Thank you Monica and Chris for your great comments, and sharing your wonderful knowledge as usual. I probably should go to the grocery store after this as I may have to eat more Mexican jumping beans or Frogs legs in order to land those leaps.
You're both right. I just checked the Henle site and found the first 3 pages of this piece. The leaping octave chords are on the downbeat, exactly as written on the UME. I'll also check the IMC/Philipp edition that's on order and share the info on this post. Thank you Monica for offering to inquire about the authenticity from Riva. I think you and Chris have already solved the question in my mind.
Yes, it's crazy when editors can't even agree on the name of the piece, let alone the right notes. It seems that the Suite Española originally contained Granada, Cataluña, Seville and Cuba. In 1912, the editor Hofmeister republished the Suite Española after Albeniz's death and added these previously published pieces: Cádiz, Asturias, Aragón and Castile. Asturias originally appeared as the Prelude in the Suite Chants d'Espagne. Some pieces, like the Prelude were renamed to Asturias and Leyenda. Moreover, Opus 47 is arbitrary as it has no bearing on the chronological relation of Albeniz's works.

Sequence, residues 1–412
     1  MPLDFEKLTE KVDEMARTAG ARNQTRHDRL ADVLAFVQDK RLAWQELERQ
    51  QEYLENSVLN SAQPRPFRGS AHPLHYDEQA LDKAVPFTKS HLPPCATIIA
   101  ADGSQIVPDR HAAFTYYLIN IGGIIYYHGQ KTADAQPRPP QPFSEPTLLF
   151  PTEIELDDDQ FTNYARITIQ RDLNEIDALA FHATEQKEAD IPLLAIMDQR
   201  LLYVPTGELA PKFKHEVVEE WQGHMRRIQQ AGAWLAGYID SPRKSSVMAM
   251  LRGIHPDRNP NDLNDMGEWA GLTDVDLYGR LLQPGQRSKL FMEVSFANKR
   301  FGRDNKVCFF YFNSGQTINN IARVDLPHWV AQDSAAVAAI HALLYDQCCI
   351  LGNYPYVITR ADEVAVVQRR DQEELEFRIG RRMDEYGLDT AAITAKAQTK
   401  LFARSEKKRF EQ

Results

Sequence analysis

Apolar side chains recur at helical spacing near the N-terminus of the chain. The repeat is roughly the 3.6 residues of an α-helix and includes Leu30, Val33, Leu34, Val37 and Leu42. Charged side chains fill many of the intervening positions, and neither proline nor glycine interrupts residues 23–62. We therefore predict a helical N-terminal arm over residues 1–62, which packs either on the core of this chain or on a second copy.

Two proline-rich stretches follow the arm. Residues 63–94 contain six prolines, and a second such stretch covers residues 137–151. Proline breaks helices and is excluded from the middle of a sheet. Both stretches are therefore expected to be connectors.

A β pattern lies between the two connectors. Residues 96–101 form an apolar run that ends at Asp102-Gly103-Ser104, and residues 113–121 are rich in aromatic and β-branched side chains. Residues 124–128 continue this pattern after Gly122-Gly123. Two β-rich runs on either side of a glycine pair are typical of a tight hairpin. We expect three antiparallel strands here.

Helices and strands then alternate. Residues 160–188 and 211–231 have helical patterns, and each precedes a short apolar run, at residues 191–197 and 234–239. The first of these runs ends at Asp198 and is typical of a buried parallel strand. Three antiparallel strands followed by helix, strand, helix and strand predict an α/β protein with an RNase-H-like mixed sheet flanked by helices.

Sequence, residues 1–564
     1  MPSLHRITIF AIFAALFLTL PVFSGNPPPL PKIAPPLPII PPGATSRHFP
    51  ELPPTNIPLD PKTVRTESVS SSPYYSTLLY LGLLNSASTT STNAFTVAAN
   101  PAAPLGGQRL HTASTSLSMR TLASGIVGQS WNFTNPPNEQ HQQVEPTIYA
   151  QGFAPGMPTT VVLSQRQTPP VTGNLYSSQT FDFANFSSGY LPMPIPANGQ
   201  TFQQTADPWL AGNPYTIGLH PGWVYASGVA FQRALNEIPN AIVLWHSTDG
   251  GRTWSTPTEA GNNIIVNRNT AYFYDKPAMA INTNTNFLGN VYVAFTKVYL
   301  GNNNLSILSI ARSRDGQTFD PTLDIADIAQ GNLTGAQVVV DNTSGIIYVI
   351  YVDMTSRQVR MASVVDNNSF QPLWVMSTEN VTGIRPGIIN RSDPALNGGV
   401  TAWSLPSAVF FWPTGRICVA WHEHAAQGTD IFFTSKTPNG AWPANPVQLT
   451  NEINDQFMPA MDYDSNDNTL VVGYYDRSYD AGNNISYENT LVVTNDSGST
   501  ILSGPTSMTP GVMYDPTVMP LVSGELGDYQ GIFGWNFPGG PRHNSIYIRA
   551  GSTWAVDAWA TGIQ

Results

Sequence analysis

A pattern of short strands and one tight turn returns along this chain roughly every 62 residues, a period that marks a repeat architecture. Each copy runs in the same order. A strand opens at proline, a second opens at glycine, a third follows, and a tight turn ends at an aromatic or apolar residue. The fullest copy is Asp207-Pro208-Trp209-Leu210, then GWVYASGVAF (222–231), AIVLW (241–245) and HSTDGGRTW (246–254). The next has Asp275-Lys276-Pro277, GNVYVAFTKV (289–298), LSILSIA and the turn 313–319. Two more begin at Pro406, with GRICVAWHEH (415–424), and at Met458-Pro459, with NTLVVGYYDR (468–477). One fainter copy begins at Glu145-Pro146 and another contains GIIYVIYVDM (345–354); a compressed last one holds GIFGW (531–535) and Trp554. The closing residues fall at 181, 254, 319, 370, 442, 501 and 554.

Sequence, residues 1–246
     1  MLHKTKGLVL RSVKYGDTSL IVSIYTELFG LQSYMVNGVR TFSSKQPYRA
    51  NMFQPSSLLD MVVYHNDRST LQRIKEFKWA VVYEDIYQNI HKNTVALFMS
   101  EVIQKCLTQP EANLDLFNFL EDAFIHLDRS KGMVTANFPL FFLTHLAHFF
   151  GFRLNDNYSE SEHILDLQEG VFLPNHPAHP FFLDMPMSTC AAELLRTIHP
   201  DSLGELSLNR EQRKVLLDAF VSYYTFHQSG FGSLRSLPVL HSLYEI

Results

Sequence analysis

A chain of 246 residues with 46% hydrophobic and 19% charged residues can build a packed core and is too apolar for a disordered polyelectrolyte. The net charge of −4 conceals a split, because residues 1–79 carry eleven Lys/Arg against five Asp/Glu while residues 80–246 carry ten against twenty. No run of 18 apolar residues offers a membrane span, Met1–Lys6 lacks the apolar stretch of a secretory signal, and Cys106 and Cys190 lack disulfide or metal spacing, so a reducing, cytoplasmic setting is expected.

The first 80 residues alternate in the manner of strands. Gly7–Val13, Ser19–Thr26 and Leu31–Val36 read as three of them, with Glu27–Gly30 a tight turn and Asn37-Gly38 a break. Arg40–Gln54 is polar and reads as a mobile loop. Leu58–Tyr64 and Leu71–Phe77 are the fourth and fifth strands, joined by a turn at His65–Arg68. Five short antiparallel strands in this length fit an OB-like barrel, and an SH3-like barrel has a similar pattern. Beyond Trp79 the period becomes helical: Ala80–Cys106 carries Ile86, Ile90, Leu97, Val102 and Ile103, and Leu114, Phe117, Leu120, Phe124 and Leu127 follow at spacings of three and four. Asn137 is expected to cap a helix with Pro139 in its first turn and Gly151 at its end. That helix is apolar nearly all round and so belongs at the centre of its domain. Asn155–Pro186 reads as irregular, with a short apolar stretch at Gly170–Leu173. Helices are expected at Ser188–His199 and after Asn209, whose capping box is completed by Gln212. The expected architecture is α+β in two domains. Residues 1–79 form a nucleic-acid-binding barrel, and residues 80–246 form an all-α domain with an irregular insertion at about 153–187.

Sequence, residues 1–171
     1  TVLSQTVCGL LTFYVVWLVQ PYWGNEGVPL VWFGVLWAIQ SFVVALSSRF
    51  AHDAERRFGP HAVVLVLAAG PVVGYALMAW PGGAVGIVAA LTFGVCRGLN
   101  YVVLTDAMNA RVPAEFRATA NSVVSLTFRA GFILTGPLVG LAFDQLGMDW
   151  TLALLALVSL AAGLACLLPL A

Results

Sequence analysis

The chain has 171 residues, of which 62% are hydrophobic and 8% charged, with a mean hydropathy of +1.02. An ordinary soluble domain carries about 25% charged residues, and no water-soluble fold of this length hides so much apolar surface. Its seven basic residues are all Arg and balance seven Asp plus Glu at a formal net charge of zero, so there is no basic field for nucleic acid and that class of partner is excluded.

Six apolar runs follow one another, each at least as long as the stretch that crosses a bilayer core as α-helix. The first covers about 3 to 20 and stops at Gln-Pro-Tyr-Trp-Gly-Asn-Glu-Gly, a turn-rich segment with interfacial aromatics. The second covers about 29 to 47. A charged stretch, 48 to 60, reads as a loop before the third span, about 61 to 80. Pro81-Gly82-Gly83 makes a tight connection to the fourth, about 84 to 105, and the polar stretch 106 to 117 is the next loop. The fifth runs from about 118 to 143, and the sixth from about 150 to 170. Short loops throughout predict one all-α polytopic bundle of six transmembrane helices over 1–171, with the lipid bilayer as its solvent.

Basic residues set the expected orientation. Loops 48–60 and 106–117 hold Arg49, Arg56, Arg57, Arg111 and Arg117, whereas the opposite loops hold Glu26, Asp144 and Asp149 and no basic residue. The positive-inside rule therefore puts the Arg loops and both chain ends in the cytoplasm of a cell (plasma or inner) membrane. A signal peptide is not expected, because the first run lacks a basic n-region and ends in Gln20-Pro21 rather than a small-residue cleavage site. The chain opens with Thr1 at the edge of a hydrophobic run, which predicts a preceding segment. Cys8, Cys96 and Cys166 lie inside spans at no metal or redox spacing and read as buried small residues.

Dumbo the Elephant could have done better than to name this piece Asturias. It was arbitrarily named by the the editor after the composer died. I've seen Albeniz's grave in Montjuïc, and he's probably still turning over in his grave. It sounds nothing like the northern city that it's named after. The harmonies and rhythms definitely sound more like Andalusian flamenco to me... Hey, why not call it Flamenco de Andalucía
I did use my good mics on the portable recorder. I just thought the tone sounded more nasal, and restricted than usual - probably due to the sound panels I put up recently to damp any harshness. Also, Steinways do have a nasal tone in the notes where most of the action is in this piece, around middle C. I am not losing sleep over it, as 2 highly esteemed pair of ears told me that it sounds fine.
Monica, don't laugh; I have a decent camera collection, but not one video recorder. I understand video technology, and someday I'd like to get a true Hi-Def recorder to make travel documentaries and record my own soundtracks. HOWEVER, I don't have a clue how to produce those wonderful online videos like you and Andreas?... Besides, you're more attractive than I am on video. But, I have the perfect face for radio!
Thank you Monica and Chris for sharing your great advice. I am going with the octaves on the downbeat. I hope I can master this piece soon, then it's onto El Fandango de Candil, as it seems that I'll be in the Spanish mode for at least a few months....